Is Foreign Aid Good for Africa?

There are a lot of critics, today, in Africa who argue that all foreign aid (whether from individuals or non-profits or governments) is keeping Africa back. Several research group or organisations studies have shown that foreign aid (or international aid) has done little to increase economic growth in Africa and may have actually slowed it down.
Many African media have been debating about the fact that development aid isn’t a long-term solution, which seem cruel considering the good some private or public Charity have done in several African countries.

The “we’re going to change the world” philosophy hasn’t always work well, which has increase the group of pessimistic about the debate that is raging in the Charity world today, about the best and worst ways to deliver donation, or whether to give at all?
The aid failures following the 2004 Asian tsunami and 2010 Haiti earthquake were just another sign that: “wanting to do something to help is not an excuse for not knowing the consequences of what you're doing”.

Do I agree with that or not?

Unfortunately I do agree with the fact that foreign aid has never been a long-term solution and hasn’t work in most African countries. A lot of people in Europe or America don’t have a clear and realistic picture of Africa and let me tell you something that’s quite true about today: Africa has become the greatest dumping ground on the planet. Everything is dumped here and the sad part is that African governments don't say no. In fact, they say, “Please send us more”. They're abdicating responsibility for their own citizens.
People in rich countries looking to help the poor often think that the so called goods in kind donations are the best and years and decades of calm, reasoned discussion do not seem to have worked to make them think otherwise.
In Europe and America people are still collecting shoes, socks, underwear, T-shirts ... and somehow under the delusion that it is helpful. Donation and especially donating clothing is a sensitive topic in Africa because many countries' textile industries collapsed under the weight of second-hand clothing imports that were introduced in the 1970s and '80s.

A lot of donation or Charity are run by people who have never been in Africa or worked on a foreign aid project before and subsequently have no knowledge about the local situation in the country they want to help, the goal of any Charity should be not to hurt the economy in these areas but to be an asset and to be a blessing to these people that otherwise wouldn't have jobs.
Hundreds of charity organizations pop up everyday throughout the world and mainly in Europe. There are thousands of causes some individual or group decided to do something about, started a charity (Africa and Poverty been the most popular choice), and now accept donations in the name of charity. The funny thing here is that separate studies on Charity organisations in Europe and Poverty in Africa have shown precisely that both are increasing dramatically every year, which is quite unbelievable to be honest and sad…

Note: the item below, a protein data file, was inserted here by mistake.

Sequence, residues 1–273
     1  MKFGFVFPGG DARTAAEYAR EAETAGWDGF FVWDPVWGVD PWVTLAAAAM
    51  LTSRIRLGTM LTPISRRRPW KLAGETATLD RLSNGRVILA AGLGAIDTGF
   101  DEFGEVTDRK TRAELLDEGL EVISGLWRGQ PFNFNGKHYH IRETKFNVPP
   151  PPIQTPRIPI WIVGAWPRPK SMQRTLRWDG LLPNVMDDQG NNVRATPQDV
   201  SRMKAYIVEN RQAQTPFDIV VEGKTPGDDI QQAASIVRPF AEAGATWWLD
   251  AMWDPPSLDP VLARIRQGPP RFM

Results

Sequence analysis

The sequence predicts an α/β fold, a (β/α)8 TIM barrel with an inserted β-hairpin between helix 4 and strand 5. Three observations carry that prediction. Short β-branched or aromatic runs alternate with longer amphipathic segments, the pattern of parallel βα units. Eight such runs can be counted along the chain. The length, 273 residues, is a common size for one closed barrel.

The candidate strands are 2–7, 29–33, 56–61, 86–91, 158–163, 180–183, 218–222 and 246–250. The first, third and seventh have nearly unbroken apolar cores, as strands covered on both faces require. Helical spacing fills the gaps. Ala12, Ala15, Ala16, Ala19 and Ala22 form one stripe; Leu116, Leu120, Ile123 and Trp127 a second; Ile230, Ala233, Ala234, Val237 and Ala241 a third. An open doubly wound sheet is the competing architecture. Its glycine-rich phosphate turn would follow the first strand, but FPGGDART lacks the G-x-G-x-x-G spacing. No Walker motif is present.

Muhammad Yunus (2006 Nobel Prize) thought on Charity is that “Charity is not the way to help people in need; it is not a healthy basis for a relationship between people. If you want to solve poverty, you have to put people in a position to build their own life. Unfortunately, this is not how the aid industry works. Western governments and development organizations think they need to offer permanent charity. As a result, they keep entire economies in poverty and families in an inhuman situation.”

 I agree with that.

Most people in Europe have a pretty basic approach about poverty in Africa, for them “poor people are helpless, unhealthy, illiterate and thus stupid, they have nothing, they know nothing, we must take care of them, we must give them food…” And, as we know, this is completely wrong. Poor people are just as human as anyone, they have just as much potential as anyone, they are simply locked in a box marked POOR! And it’s written in giant letters so that everyone simply treats them the way poor people are treated, because we think this is the way we should treat them. This means it isn’t easy to get out of the box.”

Instead to believe that raising money to change Africa is the best way to solve poverty, lack of education, health, development, environment… people should become more involve locally by understanding the challenge of poverty and being more interested in ways that actually bring opportunity to those who have been denied it by the current powers and systems.
Patrice de Boeck is director for Business_Network Consulting | A consultancy focused on providing fresh and innovative approach to investment and development in Central Africa, through the provision of services covering Finance, Marketing, Strategy and Sports Sponsorship.